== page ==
The Kakatiyas left many monuments, including an impressive fortress, four massive stone gateways, the Swayambhu temple dedicated to Lord Shiva or Mahadeva, and the Ramappa temple situated near Ramappa Lake. The historical monuments of Warangal with excellent architectural styles have been attracting a wide variety of people from various parts of the world.
Warangal is an important cultural centre like, "Rajamahendravaram", which gave birth to 'Adikavi Nannaya', it could claim equal status as the great poet Pothana the author of "Srimad Bhagavatam", one of the finest creations in Classical Telugu literature, born in this place.
Warangal was the seat of the Kakatiya rulers till its decline. It was the place of rich cultural heritage of South India. The cultural and administrative distinction of the Kakatiyas was mentioned by the famous Italian traveller Marco Polo. After the defeat of Pratapa Rudra, the Musunuri Nayaks united seventy two Nayak chieftains and captured Warangal from Delhi sultanate and ruled for fifty years with great pomp and power.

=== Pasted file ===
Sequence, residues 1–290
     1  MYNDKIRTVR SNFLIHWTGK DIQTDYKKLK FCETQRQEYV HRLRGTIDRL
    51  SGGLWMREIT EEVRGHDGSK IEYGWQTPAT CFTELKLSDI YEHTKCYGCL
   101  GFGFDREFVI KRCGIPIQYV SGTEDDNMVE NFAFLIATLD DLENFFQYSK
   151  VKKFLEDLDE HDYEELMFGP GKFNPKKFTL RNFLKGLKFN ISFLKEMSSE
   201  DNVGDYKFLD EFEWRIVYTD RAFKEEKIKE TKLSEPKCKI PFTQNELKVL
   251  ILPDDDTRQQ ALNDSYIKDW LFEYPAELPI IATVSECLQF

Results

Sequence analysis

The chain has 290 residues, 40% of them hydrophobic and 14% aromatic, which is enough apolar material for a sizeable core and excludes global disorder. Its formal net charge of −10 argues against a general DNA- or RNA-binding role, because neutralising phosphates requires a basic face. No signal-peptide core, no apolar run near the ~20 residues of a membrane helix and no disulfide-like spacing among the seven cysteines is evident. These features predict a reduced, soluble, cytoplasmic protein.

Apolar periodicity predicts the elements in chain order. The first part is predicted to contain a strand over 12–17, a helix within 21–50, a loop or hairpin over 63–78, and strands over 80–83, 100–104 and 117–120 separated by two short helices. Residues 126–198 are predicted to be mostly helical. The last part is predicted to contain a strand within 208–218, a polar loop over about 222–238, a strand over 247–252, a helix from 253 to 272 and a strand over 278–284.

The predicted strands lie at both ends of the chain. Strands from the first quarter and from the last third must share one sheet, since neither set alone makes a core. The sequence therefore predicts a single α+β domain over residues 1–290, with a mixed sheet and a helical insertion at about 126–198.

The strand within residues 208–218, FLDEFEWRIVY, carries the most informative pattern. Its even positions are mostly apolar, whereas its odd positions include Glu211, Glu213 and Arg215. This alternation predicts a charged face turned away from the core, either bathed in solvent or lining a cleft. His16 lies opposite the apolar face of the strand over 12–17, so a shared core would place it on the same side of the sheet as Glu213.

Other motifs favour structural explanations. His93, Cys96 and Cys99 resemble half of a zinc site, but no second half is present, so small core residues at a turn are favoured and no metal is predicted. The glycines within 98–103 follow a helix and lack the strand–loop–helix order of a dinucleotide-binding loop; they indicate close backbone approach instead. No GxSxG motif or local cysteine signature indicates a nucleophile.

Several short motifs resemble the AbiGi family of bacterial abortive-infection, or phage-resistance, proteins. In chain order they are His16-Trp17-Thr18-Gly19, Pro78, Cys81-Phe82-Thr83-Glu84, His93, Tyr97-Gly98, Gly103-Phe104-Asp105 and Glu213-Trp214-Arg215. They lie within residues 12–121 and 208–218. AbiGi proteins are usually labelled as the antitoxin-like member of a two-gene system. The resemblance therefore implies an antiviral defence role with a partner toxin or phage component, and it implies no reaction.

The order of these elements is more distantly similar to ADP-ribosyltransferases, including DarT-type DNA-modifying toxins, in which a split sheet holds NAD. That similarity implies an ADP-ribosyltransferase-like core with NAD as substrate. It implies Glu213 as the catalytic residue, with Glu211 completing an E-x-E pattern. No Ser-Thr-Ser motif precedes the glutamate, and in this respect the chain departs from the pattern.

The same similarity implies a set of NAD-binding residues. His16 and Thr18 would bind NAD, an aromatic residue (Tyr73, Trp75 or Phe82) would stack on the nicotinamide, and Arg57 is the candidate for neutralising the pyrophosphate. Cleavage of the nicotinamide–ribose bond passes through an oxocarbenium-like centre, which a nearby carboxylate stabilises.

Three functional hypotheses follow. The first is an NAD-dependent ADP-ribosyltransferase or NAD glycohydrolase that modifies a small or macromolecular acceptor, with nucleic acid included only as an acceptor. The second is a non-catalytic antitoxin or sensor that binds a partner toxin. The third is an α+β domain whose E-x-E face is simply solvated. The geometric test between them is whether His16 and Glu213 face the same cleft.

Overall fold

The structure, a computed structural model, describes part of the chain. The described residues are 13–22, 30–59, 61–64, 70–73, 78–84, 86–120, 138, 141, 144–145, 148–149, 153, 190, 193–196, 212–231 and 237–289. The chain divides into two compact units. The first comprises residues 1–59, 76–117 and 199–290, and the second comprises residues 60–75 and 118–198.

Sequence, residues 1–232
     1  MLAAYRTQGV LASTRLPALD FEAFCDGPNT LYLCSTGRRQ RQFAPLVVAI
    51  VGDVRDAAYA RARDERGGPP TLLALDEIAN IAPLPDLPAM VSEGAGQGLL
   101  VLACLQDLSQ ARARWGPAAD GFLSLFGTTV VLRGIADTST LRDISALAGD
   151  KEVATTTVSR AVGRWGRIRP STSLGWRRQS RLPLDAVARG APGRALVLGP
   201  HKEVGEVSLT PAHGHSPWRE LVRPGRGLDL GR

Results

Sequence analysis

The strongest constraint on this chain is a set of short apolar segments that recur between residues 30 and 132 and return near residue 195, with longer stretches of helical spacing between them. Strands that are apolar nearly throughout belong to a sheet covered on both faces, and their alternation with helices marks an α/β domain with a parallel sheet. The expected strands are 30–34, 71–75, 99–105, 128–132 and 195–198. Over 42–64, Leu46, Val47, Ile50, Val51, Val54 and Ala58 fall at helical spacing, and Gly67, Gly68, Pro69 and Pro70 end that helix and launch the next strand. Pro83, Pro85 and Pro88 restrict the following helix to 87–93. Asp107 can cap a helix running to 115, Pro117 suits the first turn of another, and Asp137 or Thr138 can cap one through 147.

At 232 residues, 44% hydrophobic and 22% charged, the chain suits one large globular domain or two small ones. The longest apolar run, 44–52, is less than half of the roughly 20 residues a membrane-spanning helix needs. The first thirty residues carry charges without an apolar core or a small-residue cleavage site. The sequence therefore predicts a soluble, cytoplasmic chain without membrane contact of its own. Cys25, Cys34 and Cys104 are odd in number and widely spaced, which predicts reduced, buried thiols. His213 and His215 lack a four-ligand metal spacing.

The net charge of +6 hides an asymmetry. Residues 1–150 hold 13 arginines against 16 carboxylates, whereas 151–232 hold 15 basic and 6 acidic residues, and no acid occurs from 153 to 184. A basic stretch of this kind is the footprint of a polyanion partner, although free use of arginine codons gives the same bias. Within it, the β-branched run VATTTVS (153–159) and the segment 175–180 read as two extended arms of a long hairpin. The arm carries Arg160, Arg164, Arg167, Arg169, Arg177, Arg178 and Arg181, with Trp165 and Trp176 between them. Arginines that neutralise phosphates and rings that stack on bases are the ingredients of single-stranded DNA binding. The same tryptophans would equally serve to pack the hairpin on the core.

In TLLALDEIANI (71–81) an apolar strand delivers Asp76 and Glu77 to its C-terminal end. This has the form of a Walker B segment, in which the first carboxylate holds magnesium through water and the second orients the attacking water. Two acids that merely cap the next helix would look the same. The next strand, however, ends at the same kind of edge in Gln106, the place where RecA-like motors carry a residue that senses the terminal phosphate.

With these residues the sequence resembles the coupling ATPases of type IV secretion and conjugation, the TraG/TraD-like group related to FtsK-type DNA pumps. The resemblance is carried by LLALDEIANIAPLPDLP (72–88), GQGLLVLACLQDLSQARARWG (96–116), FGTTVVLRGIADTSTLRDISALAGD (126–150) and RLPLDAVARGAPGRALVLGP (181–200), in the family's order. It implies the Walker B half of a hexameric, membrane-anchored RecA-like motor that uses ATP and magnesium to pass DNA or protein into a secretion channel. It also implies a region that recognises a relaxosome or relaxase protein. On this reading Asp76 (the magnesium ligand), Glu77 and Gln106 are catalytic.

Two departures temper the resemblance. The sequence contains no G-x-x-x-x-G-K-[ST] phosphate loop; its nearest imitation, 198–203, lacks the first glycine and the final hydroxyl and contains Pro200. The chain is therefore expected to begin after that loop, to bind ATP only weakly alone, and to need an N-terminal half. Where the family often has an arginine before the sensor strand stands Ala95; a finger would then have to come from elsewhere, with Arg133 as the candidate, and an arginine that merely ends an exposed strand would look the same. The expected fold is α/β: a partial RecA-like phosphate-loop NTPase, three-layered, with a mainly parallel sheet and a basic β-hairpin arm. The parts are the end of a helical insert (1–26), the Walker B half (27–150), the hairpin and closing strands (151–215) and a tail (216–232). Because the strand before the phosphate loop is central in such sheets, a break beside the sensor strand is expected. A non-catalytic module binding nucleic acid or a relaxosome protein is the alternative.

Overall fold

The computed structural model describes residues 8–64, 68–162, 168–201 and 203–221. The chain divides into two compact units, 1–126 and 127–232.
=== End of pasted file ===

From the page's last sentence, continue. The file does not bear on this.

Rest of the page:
The Mughal emperor Aurangzeb conquered Golconda in 1687, and it remained part of the Mughal Empire until the southern provinces of the empire split away to become the state of Hyderabad under Nizams in 1724, which included the Telangana region and some parts of Maharashtra and Karnataka. During the regime of British East India Company and the British Government in India, Warangal was ruled by the feudal lords of Nizams.
After the Independence of India, Hyderabad was annexed to India in the year 1948, and became an Indian state. In the year 1956, Hyderabad was partitioned as part of the States Reorganization Act, and Telangana, the Telugu-speaking region of Hyderabad state, which includes Warangal that became part of Andhra Pradesh. In the year 2014, Warangal is included in Warangal District under the statehood of Telangana, a newly formed state under the government rule of Union of India, with capital Hyderabad for 10 years.